Hedge Funds Gravitate to ’40 Act Vehicles
The thirst for liquid alternatives in the form of ’40 Act investment vehicles has upped the ante for experienced fund managers that not only are versed in alternative investment strategies, but are also skilled in packaging those strategies into a mutual fund format.
“Within alternative mutual funds, the multi-strategy, multi-manager approach can be very appealing because you can put together a diverse mix of non-correlated strategies that will have different headwinds and tailwinds,” said Dorothy Weaver, co-founder of Collins Capital.
Collins Capital’s Collins Alternative Solutions Fund is a diversified alternative mutual fund which targets non-correlated, risk-adjusted returns by tactically allocating capital across multiple and complementary hedge fund strategies.
“When one strategy is facing a tough environment, another is likely in its sweet spot,” Weaver said. “This can lead to very steady performance at the aggregate fund level with low volatility and little to no correlation to equity or bond markets.”
Weaver’s involvement with hedge funds dates back 20 years, when she was working in Latin America in a turnaround situation for one of the largest companies in Colombia.
“I have always been a big believer in diversification, but diversification only works if the underlying strategies are non-correlated,” she said. “Because we are trying to reduce risk and volatility within a portfolio, we’re not trying to chase either the bond market or the equities market.”
In 2011, investors asked Collins Capital whether the hedge fund concept could be packaged into a mutual fund.
“They said that they needed the kind of diversified, non-correlated strategy we offered as a limited partnership, but were looking for the same mix of managers and exposures in a mutual fund format,” Weaver said. “We were extremely skeptical at first, as we knew there were corners being cut by others and that was not what we were interested in doing. But being client-centric, we went to prove that it couldn’t be done.”
Upon reading the ‘40 Act, Collins Capital found that it was possible if it put the proper structure in place. “If we were willing to build the structure that allowed managers to execute their strategies in the same way they do in their private funds, we could map over essentially everything (90% of our strategies) from a limited partnership to a mutual fund,” said Weaver.
As it entered the mutual fund space, Collins Capital worried about adverse strategy selection.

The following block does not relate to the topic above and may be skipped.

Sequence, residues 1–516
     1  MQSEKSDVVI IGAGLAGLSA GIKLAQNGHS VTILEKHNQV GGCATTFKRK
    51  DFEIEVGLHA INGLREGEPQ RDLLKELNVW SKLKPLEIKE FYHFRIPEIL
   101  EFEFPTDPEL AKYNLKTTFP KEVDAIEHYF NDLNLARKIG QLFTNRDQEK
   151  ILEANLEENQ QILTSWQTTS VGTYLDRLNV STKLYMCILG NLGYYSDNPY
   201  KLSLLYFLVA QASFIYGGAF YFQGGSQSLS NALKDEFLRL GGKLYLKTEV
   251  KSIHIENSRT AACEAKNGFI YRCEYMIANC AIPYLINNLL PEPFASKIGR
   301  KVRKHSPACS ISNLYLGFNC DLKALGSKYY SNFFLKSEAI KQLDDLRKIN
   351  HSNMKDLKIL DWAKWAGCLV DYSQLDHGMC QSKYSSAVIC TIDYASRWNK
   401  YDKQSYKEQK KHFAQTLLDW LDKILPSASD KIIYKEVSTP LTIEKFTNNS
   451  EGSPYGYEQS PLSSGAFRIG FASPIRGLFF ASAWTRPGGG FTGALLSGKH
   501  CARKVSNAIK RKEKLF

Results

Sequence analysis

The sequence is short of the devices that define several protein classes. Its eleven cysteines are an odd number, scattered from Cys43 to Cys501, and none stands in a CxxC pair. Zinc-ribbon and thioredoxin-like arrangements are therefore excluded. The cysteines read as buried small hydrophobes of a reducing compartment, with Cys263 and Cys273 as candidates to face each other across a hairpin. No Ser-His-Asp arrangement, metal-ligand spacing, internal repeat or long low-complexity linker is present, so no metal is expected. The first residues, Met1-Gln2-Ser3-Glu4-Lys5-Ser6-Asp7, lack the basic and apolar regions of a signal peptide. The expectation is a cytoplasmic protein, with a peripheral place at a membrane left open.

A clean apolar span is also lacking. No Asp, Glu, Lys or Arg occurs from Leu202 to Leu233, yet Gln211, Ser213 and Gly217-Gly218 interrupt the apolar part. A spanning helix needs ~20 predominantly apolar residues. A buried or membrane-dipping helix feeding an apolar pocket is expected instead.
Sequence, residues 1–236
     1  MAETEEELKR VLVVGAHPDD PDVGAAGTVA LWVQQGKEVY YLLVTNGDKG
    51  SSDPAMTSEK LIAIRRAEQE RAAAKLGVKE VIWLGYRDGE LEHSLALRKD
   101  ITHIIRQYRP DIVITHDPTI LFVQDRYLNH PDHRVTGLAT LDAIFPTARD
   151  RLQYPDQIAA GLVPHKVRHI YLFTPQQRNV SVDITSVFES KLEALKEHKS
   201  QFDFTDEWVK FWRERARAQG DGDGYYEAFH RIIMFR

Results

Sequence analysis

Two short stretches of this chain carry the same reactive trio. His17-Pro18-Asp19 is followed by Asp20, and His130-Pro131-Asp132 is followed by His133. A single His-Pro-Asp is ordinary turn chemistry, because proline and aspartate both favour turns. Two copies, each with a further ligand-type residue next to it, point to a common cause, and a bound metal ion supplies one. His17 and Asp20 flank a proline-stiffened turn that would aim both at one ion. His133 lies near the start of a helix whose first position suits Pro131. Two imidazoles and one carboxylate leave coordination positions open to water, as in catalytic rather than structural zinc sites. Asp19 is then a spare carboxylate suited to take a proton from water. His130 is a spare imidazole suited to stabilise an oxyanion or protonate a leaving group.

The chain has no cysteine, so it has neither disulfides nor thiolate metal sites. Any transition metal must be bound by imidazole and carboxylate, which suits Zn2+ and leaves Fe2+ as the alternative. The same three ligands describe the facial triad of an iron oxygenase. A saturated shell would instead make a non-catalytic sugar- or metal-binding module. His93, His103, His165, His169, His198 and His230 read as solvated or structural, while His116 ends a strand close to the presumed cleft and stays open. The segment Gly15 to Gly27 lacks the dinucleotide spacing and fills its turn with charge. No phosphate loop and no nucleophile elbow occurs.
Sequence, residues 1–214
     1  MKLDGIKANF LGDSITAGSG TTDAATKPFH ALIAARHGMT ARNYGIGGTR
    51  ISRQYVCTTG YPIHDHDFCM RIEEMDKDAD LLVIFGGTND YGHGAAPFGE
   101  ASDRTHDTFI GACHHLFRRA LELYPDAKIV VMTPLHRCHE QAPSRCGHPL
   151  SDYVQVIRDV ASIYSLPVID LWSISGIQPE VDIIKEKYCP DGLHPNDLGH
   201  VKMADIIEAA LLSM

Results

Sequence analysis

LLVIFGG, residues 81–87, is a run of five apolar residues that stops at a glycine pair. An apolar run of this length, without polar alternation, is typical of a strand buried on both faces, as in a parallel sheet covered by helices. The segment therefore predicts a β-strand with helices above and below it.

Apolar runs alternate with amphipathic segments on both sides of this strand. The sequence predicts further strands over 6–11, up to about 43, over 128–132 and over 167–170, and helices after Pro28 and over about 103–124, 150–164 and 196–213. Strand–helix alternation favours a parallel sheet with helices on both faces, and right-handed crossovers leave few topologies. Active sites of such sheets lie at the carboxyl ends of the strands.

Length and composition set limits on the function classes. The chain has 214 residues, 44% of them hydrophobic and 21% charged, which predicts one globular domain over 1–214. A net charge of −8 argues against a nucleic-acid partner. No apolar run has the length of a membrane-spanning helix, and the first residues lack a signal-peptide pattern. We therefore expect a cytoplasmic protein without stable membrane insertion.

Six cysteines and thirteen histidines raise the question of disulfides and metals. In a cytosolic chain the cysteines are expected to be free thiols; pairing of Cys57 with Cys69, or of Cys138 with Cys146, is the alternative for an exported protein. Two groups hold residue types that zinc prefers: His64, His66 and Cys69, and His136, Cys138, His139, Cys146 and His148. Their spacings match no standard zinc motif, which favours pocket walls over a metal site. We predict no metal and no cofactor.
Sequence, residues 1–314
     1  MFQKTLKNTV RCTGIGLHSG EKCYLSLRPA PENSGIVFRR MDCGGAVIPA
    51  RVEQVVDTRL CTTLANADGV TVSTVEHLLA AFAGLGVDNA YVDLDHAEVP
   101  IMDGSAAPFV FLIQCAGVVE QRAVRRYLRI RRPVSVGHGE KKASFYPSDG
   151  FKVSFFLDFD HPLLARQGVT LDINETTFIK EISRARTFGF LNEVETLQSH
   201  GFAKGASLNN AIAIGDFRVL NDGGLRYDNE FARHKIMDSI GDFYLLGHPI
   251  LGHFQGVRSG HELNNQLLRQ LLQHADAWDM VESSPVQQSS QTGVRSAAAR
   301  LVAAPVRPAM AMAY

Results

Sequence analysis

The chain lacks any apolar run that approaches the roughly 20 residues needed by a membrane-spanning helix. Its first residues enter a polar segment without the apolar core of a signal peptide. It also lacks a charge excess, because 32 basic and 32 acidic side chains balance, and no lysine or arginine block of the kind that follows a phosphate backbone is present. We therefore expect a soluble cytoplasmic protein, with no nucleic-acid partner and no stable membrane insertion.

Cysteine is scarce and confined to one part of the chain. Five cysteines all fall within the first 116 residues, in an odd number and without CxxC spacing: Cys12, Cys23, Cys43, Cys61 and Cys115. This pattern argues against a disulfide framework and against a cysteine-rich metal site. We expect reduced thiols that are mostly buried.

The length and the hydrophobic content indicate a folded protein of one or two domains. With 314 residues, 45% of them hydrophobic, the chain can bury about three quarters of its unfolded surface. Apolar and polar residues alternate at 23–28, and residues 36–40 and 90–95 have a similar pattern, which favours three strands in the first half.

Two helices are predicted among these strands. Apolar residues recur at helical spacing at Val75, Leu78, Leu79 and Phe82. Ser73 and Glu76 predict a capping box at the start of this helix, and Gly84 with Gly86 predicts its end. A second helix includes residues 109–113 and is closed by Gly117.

“We learned that many of the other multi-strategy funds are pushing the regulatory responsibility (to stay within the restrictions of the 40 Act) from the Advisor down to the individual subadvisers,” said Weaver. “That results in adverse manager selection, as many managers don’t want the hassles associated with compliance.”
Indeed, evidence shows there are increasing challenges relating to the aspects of operational efficiency, regulatory and risk management, and investment decision-making in hedge fund operations, according to Aite Group.
“A frequent problem area cited in regards to technology relates to risk management,” said Danielle Tierney, senior analyst at Aite Group. “Decision-makers often express a desire for better risk capabilities, particularly related to the integration of risk systems, and the clear need for risk-system integration throughout the portfolio management process is likely to drive increased spending in this area.”
Collins Capital approached the problem differently: it asked managers what they needed (such as multiple prime brokers, ISDAs, etc.), and did the heavy-lifting in order to get the benefit of having exposure to their strategies within its portfolio.
“There are many strategies that cannot be run as standalone mutual funds,” Weaver said. “For example, one of our equity managers runs a concentrated portfolio which means, based on the ‘40 Act rules, that he would not be able to run a standalone mutual fund in this strategy. In our case, the structure we have put in places increases our ability to access a broader base of managers and strategies.”
Featured image via iStock
Sweden's AP1 wanted strong returns and consideration of impact on society.
The jury remains out on future gains in e-trading.
Liquidity and data transparency were top buy-side trader worries.
A look at the forces shaping technological advances in the world of data management.
Larger anonymous block orders can be traded in compliance with MiFID II.